Steve [00:51:55] I remember. Mark. Mark I'm sure I've bugged him because I've tagged him too many times. But now he's a deep, dude. He's like a year older than me, but he's like a lifetime older than me. But like, know he said something that was resonated when I was in the UK doing clinic tour was really cool because he was playing at uh, my friend/student who set up the tour got us tickets to Ronnie Scott's. That was the night that Mark's band was playing. We've been touch through the years, and we messaged each other and a little bit after that. He just said something that was very simple, "trust your gut and follow your bliss." And it's like if you listen to like all the great sages of everyone that you really respect, it's kind of the same vibe. If you listen like Vinnie's, have you checked out Vinnie's podcast.
Rich [00:52:53] I haven't listened to it.
Steve [00:52:55] I mean, like, can name a drummer. Have you in a minute. You know, and he's kind of talking about like not chops. He actually said like one thing. He's like my gratitude all the time. He's talking about, I don't know if you should really even transcribe Elvin's solos. I think it's the second episode. Vinnie was talking about going to a master class with like heavy drummers, like really, really heavy drum. This is like when he was a little bit younger. But I mean, he was, you know, killing. And he flew from LA or something to Boston. I think it's episode two might be one or one or two. Yeah, and this guy had everybody, like really heavy drummers start playing. Play me and Groove. Play me a groove and everybody's just like played a groove. Everybody's groove is good. And this guy had I don't know who it is. This guy played a groove and it was just like immediate. Like the difference between like having like a Starbucks coffee versus like an espresso. It's just like it's obvious that this is on a different plane of existence. Like we don't need to talk about it. And then he said to everyone, OK, I'll see you guys in a week. Write me a paper on what you learned today and then Vinnie's outside. He's probably smoking. He's just like, I got it. And then one of his friends is like, an I going to see you next week? And he's like, nope, I got it. And what it was is like. There are certain things that can't be taught. Like, I can learn this in a book, but I'm not like there's something else there. You know, like Jimmy was saying some to me, it's like I can teach you to hit the notes, but I can't teach you to have a beautiful voice. I don't know how or on this tangent, but I guess the reason I bring that up is because, you know, we're talking about these kind of more esoteric terms, but it's like the people that hit you the hardest. You know, they they think about this stuff, Herbie, like.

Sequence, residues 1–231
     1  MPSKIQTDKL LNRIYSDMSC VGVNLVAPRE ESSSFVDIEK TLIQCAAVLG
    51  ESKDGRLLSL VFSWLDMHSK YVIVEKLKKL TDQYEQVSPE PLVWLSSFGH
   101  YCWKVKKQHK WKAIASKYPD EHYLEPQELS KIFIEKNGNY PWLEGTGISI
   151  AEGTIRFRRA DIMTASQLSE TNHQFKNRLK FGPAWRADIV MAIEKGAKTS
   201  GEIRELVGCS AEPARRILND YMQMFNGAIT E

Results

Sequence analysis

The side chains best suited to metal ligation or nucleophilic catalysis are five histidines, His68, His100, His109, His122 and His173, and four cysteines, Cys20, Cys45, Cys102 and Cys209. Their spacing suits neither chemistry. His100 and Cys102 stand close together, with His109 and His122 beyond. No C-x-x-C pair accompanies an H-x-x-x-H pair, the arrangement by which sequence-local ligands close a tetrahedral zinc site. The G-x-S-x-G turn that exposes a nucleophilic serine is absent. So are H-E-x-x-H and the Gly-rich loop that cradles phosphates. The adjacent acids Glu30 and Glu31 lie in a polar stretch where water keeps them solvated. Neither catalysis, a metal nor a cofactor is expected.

Rich [00:55:15] Yeah, yeah, yeah. I think musicians are very deep thinkers.
Steve [00:55:21] They better be.
Rich [00:55:22] Philosophers. Very in tune. Very fortunate to be in that in that world. Man, I think we could talk all day. We already have. We've talked for several hours. You've got a plane to catch you. One thing that we talked about earlier and hopefully we're gonna get this dialed in is having you come up with a little lesson pack that we're going to put into the DrumMantra page, which would be amazing because I need something to work on. I need some Stevely to work on.
Steve [00:55:56] Oh, man.
Rich [00:55:58] Every time I see you when you're videos, I'm like, dang it. And I save it. Things to learn in my phone. Things to learn.
Steve [00:56:05] You're a brilliant musician.
Rich [00:56:06] And I will. I'll pull it up and I'll. Here we go. In fact, if we went into my computer right now, there is actually a folder, says Steve Lyman. Because like I told you, the way I practice is I will program the exercises when they're very complex and then play along on the pad so I hear it perfectly and just mimic as much as possible. YoI definitely made him my Ableton file.
Steve [00:56:33] I am. I respect you immensely. I love. I love your very focused and targeted and meaningful practice and I love of the videos that you posted, you're a marvelous musician. Thank you.
Rich [00:56:42] Thanks, man. All right.
Steve [00:56:45] Gonna catch this plane.
Rich [00:56:45] Cool.
Steve [00:56:46] Thanks, guys.
Rich [00:56:47] Take care. Thank you.